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Arch Phys Med Rehabil. 2012 Apr;93(4):629-35. doi: 10.1016/j.apmr.2011.11.017. Epub 2012 Feb 22.

Most essential wheeled mobility skills for daily life: an international survey among paralympic wheelchair athletes with spinal cord injury.

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  • 1Department of Rehabilitation Sciences, Faculty of Kinesiology and Rehabilitation Sciences, Katholieke Universiteit Leuven, Leuven, Belgium.



To create a hierarchical list of the most essential wheeled mobility (WM) skills for everyday life of wheelchair users with a spinal cord injury (SCI), and to compare perceptions of WM gained during and after clinical rehabilitation.


Cross-sectional study using survey questionnaires.


The Beijing Paralympic games, at the international zone of the Olympic village and in different sports venues.


A sample of men (N=49) and women (N=30) elite manual wheelchair user athletes with SCI (paraplegia, n=64; tetraplegia, n=15).


Not applicable.


A survey with 24 predefined skills was distributed during the Beijing Paralympic games. Respondents were asked to rate the essentiality of each skill (1, not essential; 5, extremely essential); to state where, when, and with whom they have learned to perform each skill; and to mark the level of WM, which they gained during and after clinical rehabilitation, on 3 different WM visual analog scales (scores 1-10).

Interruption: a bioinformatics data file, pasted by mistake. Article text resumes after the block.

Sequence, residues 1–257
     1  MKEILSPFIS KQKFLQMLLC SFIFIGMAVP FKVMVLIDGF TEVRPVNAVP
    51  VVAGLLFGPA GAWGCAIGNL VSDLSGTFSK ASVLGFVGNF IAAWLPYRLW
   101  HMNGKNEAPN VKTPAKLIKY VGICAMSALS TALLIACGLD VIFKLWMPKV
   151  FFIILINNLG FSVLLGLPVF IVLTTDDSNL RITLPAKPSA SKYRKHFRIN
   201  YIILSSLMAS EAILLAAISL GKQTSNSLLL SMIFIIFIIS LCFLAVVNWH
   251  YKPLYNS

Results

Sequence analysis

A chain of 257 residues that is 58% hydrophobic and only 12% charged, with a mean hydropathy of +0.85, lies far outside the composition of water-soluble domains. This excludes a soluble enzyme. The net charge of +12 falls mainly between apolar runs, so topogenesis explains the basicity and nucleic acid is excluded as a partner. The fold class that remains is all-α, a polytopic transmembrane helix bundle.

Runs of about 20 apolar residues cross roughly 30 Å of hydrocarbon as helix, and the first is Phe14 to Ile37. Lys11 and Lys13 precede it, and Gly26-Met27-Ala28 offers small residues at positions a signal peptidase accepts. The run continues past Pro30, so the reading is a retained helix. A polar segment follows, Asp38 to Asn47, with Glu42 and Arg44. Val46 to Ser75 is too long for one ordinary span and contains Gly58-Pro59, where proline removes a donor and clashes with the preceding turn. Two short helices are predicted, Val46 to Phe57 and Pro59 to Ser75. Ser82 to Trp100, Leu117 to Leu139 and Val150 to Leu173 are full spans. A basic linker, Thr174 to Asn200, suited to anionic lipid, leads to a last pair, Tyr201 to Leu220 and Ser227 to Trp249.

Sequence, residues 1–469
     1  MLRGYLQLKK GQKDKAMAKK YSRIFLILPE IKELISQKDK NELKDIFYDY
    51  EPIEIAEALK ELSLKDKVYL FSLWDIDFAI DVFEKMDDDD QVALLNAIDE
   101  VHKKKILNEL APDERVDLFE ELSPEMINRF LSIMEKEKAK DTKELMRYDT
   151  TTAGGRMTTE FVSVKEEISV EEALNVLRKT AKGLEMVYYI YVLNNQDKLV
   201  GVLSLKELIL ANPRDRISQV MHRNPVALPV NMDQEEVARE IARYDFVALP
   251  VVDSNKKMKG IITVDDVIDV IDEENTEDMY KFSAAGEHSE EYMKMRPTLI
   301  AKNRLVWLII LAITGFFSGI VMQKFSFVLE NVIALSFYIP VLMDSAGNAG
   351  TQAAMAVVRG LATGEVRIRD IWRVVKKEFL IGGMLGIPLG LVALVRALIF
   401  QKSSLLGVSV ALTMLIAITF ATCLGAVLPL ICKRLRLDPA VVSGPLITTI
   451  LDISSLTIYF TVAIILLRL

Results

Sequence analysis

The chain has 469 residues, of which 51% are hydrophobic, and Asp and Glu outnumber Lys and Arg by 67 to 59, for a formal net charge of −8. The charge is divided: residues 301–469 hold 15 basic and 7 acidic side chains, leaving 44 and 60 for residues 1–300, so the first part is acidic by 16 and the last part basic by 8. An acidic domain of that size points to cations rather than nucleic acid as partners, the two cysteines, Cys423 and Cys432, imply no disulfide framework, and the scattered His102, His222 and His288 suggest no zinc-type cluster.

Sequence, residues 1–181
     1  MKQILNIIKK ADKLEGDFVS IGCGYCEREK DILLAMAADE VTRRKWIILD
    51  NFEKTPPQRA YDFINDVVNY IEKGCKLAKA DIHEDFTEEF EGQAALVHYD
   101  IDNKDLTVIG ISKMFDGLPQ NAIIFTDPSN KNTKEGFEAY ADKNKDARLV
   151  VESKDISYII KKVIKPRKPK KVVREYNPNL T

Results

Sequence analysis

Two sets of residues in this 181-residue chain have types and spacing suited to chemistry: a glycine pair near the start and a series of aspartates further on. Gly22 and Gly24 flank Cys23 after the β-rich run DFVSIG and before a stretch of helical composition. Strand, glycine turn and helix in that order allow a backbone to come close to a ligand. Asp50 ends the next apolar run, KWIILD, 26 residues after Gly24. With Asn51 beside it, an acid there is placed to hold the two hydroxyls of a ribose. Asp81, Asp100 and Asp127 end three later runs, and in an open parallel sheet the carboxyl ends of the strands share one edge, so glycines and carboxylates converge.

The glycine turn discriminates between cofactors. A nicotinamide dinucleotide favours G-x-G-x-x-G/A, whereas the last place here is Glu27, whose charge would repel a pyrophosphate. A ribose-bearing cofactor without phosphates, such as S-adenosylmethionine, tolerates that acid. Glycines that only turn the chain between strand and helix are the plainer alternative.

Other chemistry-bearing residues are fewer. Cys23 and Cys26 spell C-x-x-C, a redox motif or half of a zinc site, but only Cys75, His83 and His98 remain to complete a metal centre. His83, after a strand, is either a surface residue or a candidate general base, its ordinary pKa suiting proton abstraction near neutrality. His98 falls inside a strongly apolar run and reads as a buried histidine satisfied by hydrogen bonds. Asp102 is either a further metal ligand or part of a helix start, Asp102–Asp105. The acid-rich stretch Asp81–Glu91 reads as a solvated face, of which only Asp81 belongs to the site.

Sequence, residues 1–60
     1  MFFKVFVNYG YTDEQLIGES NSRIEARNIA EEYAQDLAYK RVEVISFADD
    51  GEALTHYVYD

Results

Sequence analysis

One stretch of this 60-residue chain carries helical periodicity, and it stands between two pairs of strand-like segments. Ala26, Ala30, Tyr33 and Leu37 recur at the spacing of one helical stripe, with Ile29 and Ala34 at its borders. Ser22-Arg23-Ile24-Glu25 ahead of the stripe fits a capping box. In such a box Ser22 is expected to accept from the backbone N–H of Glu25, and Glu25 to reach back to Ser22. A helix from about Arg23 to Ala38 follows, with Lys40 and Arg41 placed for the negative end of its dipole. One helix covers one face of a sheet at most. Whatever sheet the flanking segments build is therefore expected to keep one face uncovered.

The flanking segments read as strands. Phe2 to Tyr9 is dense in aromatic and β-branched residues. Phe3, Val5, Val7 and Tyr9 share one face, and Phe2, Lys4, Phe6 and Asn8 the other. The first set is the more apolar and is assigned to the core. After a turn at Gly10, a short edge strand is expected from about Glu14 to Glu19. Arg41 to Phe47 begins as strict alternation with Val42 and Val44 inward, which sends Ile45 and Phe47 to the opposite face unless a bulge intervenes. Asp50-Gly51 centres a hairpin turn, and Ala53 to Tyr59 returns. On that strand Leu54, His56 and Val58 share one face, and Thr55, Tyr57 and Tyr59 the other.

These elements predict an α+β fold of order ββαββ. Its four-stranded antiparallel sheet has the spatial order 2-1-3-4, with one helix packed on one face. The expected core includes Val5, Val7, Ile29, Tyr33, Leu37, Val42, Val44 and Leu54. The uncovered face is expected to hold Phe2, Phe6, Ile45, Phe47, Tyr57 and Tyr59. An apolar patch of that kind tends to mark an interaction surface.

Rated as the most essential skill was transfer into and out of a car (mean ± SD, 4.7±0.7). Rated as the least essential skill was the 1-handed wheelie (mean ± SD, 1.9±1.3). Of the respondents, 57% have learned the most essential skills in clinical rehabilitation, while 40% claimed to have learned those skills afterward in a community setting. Three percent have never learned to perform the most essential skills. Of the very essential skills, 40% were self-taught. Mean score ± SD for the extent to which WM skills were gained in rehabilitation was 5.4±2.5.


The main survey outcome is a sorted list of WM skills according to their essentiality for daily life of hand-rim wheelchair users with SCI. It is recommended to incorporate the skills that were graded as very essential and extremely essential during inpatient rehabilitation and in postrehabilitation WM workshops.

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